Here’s an example of the times we live in: Company A is 10 years old. They employ 383 people. Despite revenues of $115 million, they lost $30 million in the last year.

Company B is 100 years old. They employ 18,000 people. They made almost $700 million of profits on $9.5 billion of revenue over the same time period.

Which company is worth more? For a brief moment, it was Company A, also known as Beyond Meat. Despite being small and unprofitable, Beyond Meat’s market cap topped that of Conagra (Company B). Who can make sense of that? Maybe plant-based meat substitutes are the future. Or perhaps pea protein burgers will be the next Olestra.

Even without the benefit of hindsight, one thing is certain: profits matter. And without them, Beyond Meat’s $14 billion valuation was nearly impossible to defend. (Not surprisingly, their valuation has since been cut in half.)

The most interesting developments to happen this quarter have centered on this idea: fundamentals matter—again. They always matter but sometimes narratives take over, causing investors to overlook things like cash flow, debt levels, and profits. In that environment, the best offense is a good defense.

And that’s the topic of this memo: defensive investing. It’s a topic born from a 1975 article in the Financial Analyst’s Journal which referenced Dr. Simon Ramo’s book Extraordinary Tennis for the Ordinary Tennis Player. Howard Marks explains[1]:

Ramo pointed out that professional tennis is a “winner’s game,” in which the match goes to the player who’s able to hit the most winners: fast-paced, well-placed shots that an opponent can’t return.

Given anything other than an outright winner by an opponent, professional tennis players can make the shot they want almost all the time: hard or soft, deep or short, left or right, flat or with spin. Professional players aren’t troubled by the things that make the game challenging for amateurs: bad bounces, wind, sun in the eyes, limitations on speed, stamina or skill, or an opponent’s efforts to put the ball beyond reach. The pros can get to most shots their opponents hit and do what they want with the ball almost all the time.

But the tennis the rest of us play is a “loser’s game,” with the match going to the player who hits the fewest losers. The winner just keeps the ball in play until the loser hits it into the net or off the court. In other words, in amateur tennis, points aren’t won; they’re lost.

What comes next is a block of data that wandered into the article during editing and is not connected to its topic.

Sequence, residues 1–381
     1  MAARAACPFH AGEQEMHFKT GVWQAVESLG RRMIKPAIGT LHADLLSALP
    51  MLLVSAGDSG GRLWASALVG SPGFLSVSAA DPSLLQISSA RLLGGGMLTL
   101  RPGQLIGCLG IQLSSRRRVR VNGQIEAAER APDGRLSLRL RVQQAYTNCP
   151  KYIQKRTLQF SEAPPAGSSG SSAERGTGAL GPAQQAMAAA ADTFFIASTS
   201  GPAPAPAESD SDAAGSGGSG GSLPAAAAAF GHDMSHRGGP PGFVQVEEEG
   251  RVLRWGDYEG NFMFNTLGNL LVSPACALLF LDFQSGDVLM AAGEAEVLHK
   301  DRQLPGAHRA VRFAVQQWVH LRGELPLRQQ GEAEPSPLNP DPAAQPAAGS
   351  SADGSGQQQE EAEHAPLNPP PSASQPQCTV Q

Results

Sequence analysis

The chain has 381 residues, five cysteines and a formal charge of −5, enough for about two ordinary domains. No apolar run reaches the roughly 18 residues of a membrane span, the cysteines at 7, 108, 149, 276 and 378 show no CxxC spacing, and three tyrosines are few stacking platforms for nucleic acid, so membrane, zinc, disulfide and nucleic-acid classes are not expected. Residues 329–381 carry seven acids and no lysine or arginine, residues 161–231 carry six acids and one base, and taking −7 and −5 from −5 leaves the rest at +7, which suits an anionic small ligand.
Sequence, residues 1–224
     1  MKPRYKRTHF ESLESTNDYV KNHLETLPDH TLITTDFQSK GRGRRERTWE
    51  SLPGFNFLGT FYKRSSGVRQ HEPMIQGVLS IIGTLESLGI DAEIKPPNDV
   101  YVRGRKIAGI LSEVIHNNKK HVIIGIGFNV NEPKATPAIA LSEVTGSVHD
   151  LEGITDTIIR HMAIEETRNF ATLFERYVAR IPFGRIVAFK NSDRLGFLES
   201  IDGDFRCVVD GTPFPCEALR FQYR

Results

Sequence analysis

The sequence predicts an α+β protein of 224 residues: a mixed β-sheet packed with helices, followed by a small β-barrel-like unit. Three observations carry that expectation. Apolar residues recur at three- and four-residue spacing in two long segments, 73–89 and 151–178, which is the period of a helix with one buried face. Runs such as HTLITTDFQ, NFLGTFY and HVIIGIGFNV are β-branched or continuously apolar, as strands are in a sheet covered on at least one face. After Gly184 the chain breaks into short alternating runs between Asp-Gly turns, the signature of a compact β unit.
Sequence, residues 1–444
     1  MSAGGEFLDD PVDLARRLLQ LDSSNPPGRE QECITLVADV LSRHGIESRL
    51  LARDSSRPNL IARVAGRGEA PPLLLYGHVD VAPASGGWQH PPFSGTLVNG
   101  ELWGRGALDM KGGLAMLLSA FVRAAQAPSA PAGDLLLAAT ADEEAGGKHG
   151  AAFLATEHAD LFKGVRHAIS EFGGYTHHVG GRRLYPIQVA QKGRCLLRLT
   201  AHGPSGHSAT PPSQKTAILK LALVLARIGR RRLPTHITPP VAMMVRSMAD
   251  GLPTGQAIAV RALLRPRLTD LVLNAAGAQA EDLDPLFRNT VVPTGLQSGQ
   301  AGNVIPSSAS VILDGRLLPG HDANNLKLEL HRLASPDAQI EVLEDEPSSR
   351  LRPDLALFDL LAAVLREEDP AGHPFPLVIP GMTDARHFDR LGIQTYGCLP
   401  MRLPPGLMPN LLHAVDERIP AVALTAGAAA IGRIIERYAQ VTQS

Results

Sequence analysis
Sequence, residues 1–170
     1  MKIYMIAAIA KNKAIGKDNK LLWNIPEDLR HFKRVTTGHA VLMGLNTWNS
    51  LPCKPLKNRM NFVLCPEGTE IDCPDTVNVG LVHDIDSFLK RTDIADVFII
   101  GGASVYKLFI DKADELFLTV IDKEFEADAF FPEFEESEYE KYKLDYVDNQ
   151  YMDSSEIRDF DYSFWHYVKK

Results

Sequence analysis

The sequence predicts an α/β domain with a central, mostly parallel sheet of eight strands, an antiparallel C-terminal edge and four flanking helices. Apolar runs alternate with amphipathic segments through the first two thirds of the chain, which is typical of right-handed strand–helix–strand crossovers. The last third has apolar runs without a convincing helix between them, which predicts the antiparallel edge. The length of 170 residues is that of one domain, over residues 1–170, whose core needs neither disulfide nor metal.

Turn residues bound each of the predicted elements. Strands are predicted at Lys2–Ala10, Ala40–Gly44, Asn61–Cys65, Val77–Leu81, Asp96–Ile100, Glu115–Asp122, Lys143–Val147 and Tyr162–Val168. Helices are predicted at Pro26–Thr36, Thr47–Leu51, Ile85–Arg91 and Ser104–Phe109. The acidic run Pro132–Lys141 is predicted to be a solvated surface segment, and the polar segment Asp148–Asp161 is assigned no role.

Investing can also be a “loser’s game,” where for most people, loss avoidance is a more successful long-term strategy than chasing winners. To quote Howard Marks again, “Avoid the losers and the winners take care of themselves.” That’s because successful investing is about durability—avoiding a catastrophic outcome that takes us out of the game. It requires a willingness to stand by and watch overvalued assets become more overvalued. Some of the missed opportunities will be genuine. Most won’t.

Consider WeWork. Until a few weeks ago, they were the darling of Wall Street and the biggest of the venture capital-backed “unicorns” (private companies worth more than $1 billion). They were valued somewhere between $60 and $100 billion. Then the IPO prospectus came out and everyone discovered that not only was the emperor without clothes, but his palace was a massively-indebted cash furnace full of self-dealing and weird behavior. The IPO was put on hold, the CEO was removed, executives were fired, and the company will be taken over by SoftBank at a $7.5 billion valuation. How are all of the pre-IPO investors feeling now? They took the stairs up and the elevator down. Lawsuits are forthcoming no doubt.

Uber’s stock is 30% below the IPO price. Lyft’s stock has been cut in half. It shouldn’t come as a surprise, considering both companies are unprofitable and their IPO prospectuses stated they might never be profitable. You wouldn’t know that from the amount of hype they received. But to the defensive investor, hype is an underappreciated marker of risk.